Fluorescence Quenching of Quantum Dots by DNA Nucleotides and Amino Acids
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Colleges, School and Institutes
Quantum dots found widespread application in the biosciences as bright and highly photo-stable fluorescent probes, i.e. for single-particle tracking. In this work we used ensemble spectroscopy and single-molecule techniques to study the quenching of quantum dots by various biochemical compounds that are usually present in living cells and might thus influence the experiments. We found not only nucleotides such as cytosine, guanine, and thymine can significantly influence the fluorescence emission of CdSe and CdTe quantum dots, but also amino acids, like asparagine and tryptophan. Bulk studies on fluorescence quenching indicated a static quenching mechanism. Interestingly, we could also show by single-molecule fluorescence spectroscopy that quenching of the quantum dots can be irreversible, suggesting either a redox-reaction between quantum dot and quencher or strong binding of the quencher to the surface of the bio-conjugated quantum dots.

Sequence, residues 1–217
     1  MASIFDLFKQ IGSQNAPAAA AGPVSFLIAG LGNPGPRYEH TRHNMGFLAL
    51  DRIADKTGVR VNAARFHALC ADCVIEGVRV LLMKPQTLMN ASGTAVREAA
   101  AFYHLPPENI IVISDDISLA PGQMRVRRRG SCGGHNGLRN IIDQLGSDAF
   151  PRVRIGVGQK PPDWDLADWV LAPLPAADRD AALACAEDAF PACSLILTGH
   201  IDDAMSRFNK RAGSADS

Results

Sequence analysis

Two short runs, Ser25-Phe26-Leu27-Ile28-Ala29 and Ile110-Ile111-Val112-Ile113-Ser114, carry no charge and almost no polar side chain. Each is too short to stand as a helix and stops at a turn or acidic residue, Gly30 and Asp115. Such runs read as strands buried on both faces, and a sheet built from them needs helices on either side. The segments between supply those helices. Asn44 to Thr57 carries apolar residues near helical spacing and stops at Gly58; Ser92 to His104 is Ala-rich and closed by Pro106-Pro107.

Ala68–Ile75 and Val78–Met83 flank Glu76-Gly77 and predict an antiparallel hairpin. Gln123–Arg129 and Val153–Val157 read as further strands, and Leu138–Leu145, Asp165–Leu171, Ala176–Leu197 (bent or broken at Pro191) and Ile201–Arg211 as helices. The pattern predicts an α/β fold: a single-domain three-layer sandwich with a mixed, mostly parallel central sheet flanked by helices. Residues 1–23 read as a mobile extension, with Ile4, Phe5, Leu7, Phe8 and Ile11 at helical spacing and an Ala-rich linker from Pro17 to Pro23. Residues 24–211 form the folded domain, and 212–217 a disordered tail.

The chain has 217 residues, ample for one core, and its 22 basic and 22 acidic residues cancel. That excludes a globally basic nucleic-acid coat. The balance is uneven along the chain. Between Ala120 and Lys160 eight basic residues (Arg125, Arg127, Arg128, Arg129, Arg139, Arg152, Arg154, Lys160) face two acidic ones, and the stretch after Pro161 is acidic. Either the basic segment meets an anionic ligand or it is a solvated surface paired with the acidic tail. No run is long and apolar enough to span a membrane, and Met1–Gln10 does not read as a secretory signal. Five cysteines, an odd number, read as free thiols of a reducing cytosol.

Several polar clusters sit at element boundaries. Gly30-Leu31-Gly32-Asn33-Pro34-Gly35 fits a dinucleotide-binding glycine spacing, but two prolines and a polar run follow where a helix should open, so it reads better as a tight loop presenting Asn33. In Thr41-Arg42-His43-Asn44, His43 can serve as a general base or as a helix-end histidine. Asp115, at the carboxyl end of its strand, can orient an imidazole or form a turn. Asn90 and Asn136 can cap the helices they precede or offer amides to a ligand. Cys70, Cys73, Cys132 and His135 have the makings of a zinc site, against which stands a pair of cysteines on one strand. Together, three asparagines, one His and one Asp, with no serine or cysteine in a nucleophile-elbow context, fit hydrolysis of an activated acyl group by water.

|Journal||Australian Journal of Chemistry|
|Publication status||Published - 30 May 2011|